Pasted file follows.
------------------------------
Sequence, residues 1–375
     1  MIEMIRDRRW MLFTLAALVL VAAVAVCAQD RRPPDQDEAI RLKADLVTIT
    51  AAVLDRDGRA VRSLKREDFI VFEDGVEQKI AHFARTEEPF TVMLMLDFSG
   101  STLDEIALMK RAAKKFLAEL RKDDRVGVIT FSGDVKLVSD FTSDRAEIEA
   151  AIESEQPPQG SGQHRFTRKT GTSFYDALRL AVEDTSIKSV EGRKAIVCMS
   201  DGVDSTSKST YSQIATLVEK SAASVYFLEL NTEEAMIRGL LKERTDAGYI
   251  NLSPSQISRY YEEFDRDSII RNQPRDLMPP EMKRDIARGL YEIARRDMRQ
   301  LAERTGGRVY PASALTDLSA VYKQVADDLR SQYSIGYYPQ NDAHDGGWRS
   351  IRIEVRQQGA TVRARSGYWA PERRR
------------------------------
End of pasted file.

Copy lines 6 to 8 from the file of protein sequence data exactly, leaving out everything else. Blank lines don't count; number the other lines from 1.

   201  DGVDSTSKST YSQIATLVEK SAASVYFLEL NTEEAMIRGL LKERTDAGYI
   251  NLSPSQISRY YEEFDRDSII RNQPRDLMPP EMKRDIARGL YEIARRDMRQ
   301  LAERTGGRVY PASALTDLSA VYKQVADDLR SQYSIGYYPQ NDAHDGGWRS